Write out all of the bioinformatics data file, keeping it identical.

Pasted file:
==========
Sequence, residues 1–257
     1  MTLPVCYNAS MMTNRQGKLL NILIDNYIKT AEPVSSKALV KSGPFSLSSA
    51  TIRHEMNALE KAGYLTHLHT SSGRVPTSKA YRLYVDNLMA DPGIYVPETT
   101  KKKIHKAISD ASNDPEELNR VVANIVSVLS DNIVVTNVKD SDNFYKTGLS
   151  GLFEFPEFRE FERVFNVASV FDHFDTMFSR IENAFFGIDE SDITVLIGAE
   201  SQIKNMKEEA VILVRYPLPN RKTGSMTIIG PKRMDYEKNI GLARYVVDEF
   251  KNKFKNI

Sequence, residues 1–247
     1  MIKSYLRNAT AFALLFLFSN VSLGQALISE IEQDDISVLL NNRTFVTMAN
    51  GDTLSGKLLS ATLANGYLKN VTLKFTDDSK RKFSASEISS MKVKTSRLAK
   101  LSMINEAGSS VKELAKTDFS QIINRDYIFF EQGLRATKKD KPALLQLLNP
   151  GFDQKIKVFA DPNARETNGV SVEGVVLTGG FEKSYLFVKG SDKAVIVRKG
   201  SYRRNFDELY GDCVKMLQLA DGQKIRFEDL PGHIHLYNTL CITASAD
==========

Sequence, residues 1–257
     1  MTLPVCYNAS MMTNRQGKLL NILIDNYIKT AEPVSSKALV KSGPFSLSSA
    51  TIRHEMNALE KAGYLTHLHT SSGRVPTSKA YRLYVDNLMA DPGIYVPETT
   101  KKKIHKAISD ASNDPEELNR VVANIVSVLS DNIVVTNVKD SDNFYKTGLS
   151  GLFEFPEFRE FERVFNVASV FDHFDTMFSR IENAFFGIDE SDITVLIGAE
   201  SQIKNMKEEA VILVRYPLPN RKTGSMTIIG PKRMDYEKNI GLARYVVDEF
   251  KNKFKNI

Sequence, residues 1–247
     1  MIKSYLRNAT AFALLFLFSN VSLGQALISE IEQDDISVLL NNRTFVTMAN
    51  GDTLSGKLLS ATLANGYLKN VTLKFTDDSK RKFSASEISS MKVKTSRLAK
   101  LSMINEAGSS VKELAKTDFS QIINRDYIFF EQGLRATKKD KPALLQLLNP
   151  GFDQKIKVFA DPNARETNGV SVEGVVLTGG FEKSYLFVKG SDKAVIVRKG
   201  SYRRNFDELY GDCVKMLQLA DGQKIRFEDL PGHIHLYNTL CITASAD